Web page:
(49.) Wood KC, Hsu LL, Gladwin MT. Sickle cell disease vasculopathy: a state of nitric oxide resistance. Free Radic Biol Med 2008;44:1506-28.

(50.) Reiter CD, Wang X, Tanus-Santos JE, Hogg N, Cannon RO, 3rd, Schechter AN, et al. Cell-free hemoglobin limits nitric oxide bioavailability in sickle-cell disease. Nat Med 2002;8:1383-9.

(51.) Schnog JJ, Jager EH, van der Dijs FP, Duits AJ, Moshage H, Muskiet FD, Muskiet FA. Evidence for a metabolic shift of arginine metabolism in sickle cell disease. Ann Hematol 2004;83:371-5.

(52.) Wood KC, Hebbel RP, Lefer DJ, Granger DN. Critical role of endothelial cell-derived nitric oxide synthase in sickle cell disease-induced microvascular dysfunction. Free Radic Biol Med 2006;40:1443-53.

(53.) Osei SY, Ahima RS, Fabry ME, Nagel RL, Bank N. Immunohistochemical localization of hepatic nitric oxide synthase in normal and transgenic sickle cell mice: the effect of hypoxia. Blood 1996;88:3583-8.

(54.) Bank N, Kiroycheva M, Singhal PC, Anthony GM, Southan GJ, Szabo C. Inhibition of nitric oxide synthase ameliorates cellular injury in sickle cell mouse kidneys. Kidney Int 2000;58:82-9.

(55.) Kaul DK, Liu XD, Fabry ME, Nagel RL. Impaired nitric oxide-mediated vasodilation in transgenic sickle mouse. Am J Physiol Heart Circ Physiol 2000;278:H1799-806.

(56.) Lopez BL, Kreshak AA, Morris CR, Davis-Moon L, Ballas SK, Ma XL. L-arginine levels are diminished in adult acute vaso-occlusive sickle cell crisis in the emergency department. Br J Haematol 2003;120:532-4.

(57.) Morris CR, Kuypers FA, Larkin S, Vichinsky EP, Styles LA. Patterns of arginine and nitric oxide in patients with sickle cell disease with vaso-occlusive crisis and acute chest syndrome. J Pediatr Hematol Oncol 2000;22:515-20.

(58.) Lopez BL, Barnett J, Ballas SK, Christopher TA, Davis-Moon L, Ma X. Nitric oxide metabolite levels in acute vaso-occlusive sickle-cell crisis. Acad Emerg Med 1996;3:1098-103.

(59.) Kavadia-Tsatala S, Kolokytha 0, Kaklamanos EG, Antoniades K, Chasapopoulou E. Mandibular lesions of vasoocclusive origin in sickle cell hemoglobinopathy. Odontology 2004;92:68-72.

(60.) Bishop K, Briggs P, Kelleher M. Sickle cell disease: a diagnostic dilemma. Int Endod J 1995;28:297-302.

(61.) Demirbas Kaya A, Aktener BO, Unsal C. Pulpal necrosis with sickle cell anaemia. Int Endod J 2004;37:602-6.

(62.) Kelleher M, Bishop K, Briggs P Oral complications associated with sickle cell anemia: a review and case report. Oral Surg Oral Med Oral Pathol Oral Radiol Endod 1996;82:225-8.

(63.) Scipio JE, Al-Bayaty HF, Murti PR, Matthews R. Facial swelling and gingival enlargement in a patient with sickle cell disease. Oral Dis 2001;7:306-9.

(64.) Oredugba FA. Hypodontia in an adolescent with the HbSC genotype: a case report. Int J Paediatr Dent 2005;15:455-8.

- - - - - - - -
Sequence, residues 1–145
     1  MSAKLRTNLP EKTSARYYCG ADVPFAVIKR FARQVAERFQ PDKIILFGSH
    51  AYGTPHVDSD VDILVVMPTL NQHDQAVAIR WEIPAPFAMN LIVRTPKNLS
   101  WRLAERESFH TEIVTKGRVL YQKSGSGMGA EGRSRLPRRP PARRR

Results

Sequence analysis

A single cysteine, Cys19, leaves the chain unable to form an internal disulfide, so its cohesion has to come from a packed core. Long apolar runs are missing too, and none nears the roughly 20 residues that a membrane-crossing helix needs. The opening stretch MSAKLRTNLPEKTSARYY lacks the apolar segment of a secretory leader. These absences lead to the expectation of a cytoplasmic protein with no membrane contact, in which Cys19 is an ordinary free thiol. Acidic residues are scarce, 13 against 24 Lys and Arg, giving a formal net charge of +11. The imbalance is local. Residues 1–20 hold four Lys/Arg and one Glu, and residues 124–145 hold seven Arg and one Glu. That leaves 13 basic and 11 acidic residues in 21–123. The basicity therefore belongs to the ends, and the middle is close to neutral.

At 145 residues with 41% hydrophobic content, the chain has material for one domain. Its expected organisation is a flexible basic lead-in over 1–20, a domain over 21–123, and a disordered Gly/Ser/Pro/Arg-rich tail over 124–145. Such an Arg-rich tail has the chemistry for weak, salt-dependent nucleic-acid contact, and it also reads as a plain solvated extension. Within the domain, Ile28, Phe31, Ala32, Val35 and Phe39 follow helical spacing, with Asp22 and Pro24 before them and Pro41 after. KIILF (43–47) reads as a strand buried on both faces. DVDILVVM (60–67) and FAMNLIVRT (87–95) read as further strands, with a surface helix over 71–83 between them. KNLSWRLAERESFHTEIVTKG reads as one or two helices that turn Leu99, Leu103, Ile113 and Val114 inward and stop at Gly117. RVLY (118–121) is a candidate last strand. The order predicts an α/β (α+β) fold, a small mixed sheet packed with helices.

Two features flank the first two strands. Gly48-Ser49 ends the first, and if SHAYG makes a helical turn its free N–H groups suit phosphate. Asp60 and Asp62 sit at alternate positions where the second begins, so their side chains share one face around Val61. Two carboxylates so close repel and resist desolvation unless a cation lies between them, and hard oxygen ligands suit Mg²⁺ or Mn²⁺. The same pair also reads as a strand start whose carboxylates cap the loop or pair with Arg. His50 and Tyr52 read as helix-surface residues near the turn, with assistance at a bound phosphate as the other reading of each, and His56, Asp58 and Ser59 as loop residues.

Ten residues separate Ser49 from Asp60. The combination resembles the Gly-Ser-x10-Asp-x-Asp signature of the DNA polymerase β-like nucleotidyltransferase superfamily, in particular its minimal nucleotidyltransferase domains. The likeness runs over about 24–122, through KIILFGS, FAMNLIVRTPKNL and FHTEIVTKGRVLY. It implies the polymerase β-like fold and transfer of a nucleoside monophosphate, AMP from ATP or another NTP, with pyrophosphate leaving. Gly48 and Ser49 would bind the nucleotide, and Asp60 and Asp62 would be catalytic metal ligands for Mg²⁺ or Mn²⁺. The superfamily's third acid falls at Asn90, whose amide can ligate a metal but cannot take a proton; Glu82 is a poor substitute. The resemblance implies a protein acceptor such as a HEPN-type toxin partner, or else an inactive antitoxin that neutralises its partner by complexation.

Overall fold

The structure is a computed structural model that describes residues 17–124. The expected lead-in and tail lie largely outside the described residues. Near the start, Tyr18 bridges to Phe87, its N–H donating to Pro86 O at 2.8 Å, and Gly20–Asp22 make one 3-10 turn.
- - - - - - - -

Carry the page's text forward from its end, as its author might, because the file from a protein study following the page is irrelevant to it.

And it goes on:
(65.) Rada RE, Bronny AT, Hasiakos PS. Sickle cell crisis precipitated by periodontal infection: report of two cases. J Am Dent Assoc 1987;114:799-801.

(66.) Laurence B, George D, Woods D, Shosanya A, Katz RV, Lanzkron S, Diener-West M, Powe N. The association between sickle cell disease and dental caries in African Americans. Spec Care Dentist 2006;26:95-100.

(67.) Shroyer JV, 3rd, Lew D, Abreo F, Unhold GP Osteomyelitis of the mandible as a result of sickle cell disease. Report and literature review. Oral Surg Oral Med Oral Pathol 1991;72:25-8.

(68.) O'Rourke CA, Hawley GM. Sickle cell disorder and orofacial pain in Jamaican patients. Br Dent J 1998;185:90-2.

(69.) Carr MM. Dental management of patients with sickle cell anemia. J Can Dent Assoc 1993;59:180-2, 185.

(70.) Suschek CV, Schnorr 0, Kolb-Bachofen V. The role of iNOS in chronic inflammatory processes in vivo: is it damage-promoting, protective, or active at all? Curr Mol Med 2004;4:763-75.

Esra Gilzeldemir (1), Hilal Uslu Toygar (2), Nebil Bal (3), Ruksan Anarat (4), Can Boga (5)

(1) Department of Periodontology, Faculty of Dentistry, Kocaeli University, Kocaeli, Turkey

(2) Department of Periodontology, Faculty of Dentistry, Baskent University, Ankara, Turkey

(3) Department of Pathology, Faculty of Medicine, Baskent University, Ankara, Turkey

(4) Department of Biochemistry, Faculty of Medicine, Baskent University, Ankara, Turkey

(5) Department of Hematology, Faculty of Medicine, Baskent University, Ankara, Turkey

Address for Correspondence: Assoc. Prof. Esra Guzeldemir, Department of Periodontology, Faculty of Dentistry, Kocaeli University, Yuvacik Yerleskesi, Yuvacik, Basiskele 41190 Kocaeli, Turkey Phone: +90 262 344 22 22 E-mail:

COPYRIGHT 2011 Aves Yayincilik
No portion of this article can be reproduced without the express written permission from the copyright holder.
Copyright 2011 Gale, Cengage Learning. All rights reserved.

Article Details
Printer friendly Cite/link Email Feedback
Title Annotation:Research Article
Author:Guzeldmir, Esra; Toygar, Hilal Uslu; Bal, Nebil; Anarat, Ruksan; Boga, Can
Publication:Turkish Journal of Hematology
Date:Jun 1, 2011
Previous Article:The correlation between T regulatory cells and autologous peripheral blood stem cell transplantation in multiple myeloma / Multipl miyelomda T...
Next Article:The frequency of A91V in the perforin gene and the effect of tumor necrosis factor-[alpha] promoter polymorphism on acquired hemophagocytic...

Terms of use | Privacy policy | Copyright © 2022 Farlex, Inc. | Feedback | For webmasters |